•    Recognize groups of one, two, three, four, and five objects
•    Count to ten
•    Bounce a ball

Source: Family Education

The bottom line here, as I see it, is that early childhood education will make a huge difference in a child’s success in school. And while some parents feel they can prepare their children for kindergarten at home, what they can’t provide is the classroom experience. Don’t get me wrong, I think that the parents’ role in preparing their children for school is vital.  I created Nonna and Me products to help them do just that.  But we can’t underplay the importance of a formal preschool setting. I believe that a child will benefit greatly from a combination of both. I’ve seen that combination do wonders for my own grandchildren.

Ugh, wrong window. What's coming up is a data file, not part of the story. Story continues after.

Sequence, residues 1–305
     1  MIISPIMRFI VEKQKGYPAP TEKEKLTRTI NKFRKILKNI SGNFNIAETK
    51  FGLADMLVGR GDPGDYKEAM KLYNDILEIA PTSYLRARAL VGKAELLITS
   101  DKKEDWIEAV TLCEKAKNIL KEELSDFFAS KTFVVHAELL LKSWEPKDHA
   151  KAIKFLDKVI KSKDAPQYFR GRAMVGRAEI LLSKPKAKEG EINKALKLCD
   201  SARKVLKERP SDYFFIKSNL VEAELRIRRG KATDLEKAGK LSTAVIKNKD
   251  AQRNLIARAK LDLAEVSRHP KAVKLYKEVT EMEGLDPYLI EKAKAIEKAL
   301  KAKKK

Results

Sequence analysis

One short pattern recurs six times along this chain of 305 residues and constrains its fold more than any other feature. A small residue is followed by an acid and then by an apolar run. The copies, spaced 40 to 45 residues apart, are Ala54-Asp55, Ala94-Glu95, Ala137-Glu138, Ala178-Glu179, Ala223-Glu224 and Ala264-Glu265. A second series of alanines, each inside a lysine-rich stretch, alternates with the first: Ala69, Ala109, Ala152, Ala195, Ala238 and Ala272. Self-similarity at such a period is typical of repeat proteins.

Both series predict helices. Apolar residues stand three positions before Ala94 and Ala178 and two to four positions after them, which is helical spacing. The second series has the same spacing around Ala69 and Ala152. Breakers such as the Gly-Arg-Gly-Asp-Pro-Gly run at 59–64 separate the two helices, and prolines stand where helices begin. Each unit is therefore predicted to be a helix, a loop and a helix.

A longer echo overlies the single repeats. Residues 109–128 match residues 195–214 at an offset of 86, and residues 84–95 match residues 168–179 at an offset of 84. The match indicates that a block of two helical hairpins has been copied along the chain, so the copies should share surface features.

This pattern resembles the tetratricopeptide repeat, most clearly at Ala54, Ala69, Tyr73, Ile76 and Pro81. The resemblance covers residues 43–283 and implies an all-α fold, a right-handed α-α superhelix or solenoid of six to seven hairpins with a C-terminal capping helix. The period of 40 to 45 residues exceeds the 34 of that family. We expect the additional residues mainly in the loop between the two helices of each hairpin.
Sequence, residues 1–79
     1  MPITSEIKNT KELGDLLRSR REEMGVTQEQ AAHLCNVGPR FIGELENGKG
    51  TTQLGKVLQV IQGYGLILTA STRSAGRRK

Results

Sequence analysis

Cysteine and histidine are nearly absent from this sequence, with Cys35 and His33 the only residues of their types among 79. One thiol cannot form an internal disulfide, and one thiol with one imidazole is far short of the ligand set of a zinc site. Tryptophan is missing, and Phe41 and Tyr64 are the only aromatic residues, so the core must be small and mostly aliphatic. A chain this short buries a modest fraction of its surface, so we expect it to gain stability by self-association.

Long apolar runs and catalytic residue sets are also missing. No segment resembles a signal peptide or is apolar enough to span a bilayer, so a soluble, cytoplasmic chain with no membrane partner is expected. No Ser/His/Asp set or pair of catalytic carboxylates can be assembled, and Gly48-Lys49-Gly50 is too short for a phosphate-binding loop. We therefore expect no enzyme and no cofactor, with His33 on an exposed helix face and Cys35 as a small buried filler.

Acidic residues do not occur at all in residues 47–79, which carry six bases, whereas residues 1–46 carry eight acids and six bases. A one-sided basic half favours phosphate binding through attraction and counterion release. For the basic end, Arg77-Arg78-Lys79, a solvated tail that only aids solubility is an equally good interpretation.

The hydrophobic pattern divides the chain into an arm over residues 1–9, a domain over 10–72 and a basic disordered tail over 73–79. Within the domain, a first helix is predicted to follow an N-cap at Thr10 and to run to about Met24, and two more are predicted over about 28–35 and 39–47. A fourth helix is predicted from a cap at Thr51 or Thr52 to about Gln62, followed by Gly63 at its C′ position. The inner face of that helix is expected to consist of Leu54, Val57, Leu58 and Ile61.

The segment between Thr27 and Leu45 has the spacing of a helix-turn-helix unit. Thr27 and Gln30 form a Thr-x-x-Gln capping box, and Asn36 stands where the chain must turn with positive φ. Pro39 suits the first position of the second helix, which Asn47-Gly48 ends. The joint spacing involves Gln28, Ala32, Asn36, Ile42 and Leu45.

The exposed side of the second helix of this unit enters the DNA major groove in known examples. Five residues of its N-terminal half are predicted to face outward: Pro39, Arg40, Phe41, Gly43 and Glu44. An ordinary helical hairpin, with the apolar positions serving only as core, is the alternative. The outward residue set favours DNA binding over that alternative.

That being said, I think it’s important to also address homeschooling. I applaud those parents who are educating their children at home. It takes a dedicated, structured person to take on this responsibility. I do believe that if a parent is diligent, knowledgeable, and focused on what a preschool child needs to accomplish academically, and can combine this with regular social activities such as play groups and activities at church or in the community, it can produce the same results.

Mémé shares: 
Like many of us Baby Boomers who thought retirement was on the horizon - only to realize our ship was sinking and we wouldn’t make it to the horizon - I am still teaching and grateful to be doing so.  That puts me in a position to observe on a daily basis what the expectations are for this next generation (yet to be named).  Nonna is spot-on when she says that what happens in kindergarten doesn’t stay in kindergarten and never started there in the first place. If a child is not in pre-school (or being taught effectively at home) by age 3, that child will be far behind his peers in the learning process, which is now curriculum based rather than socialization oriented.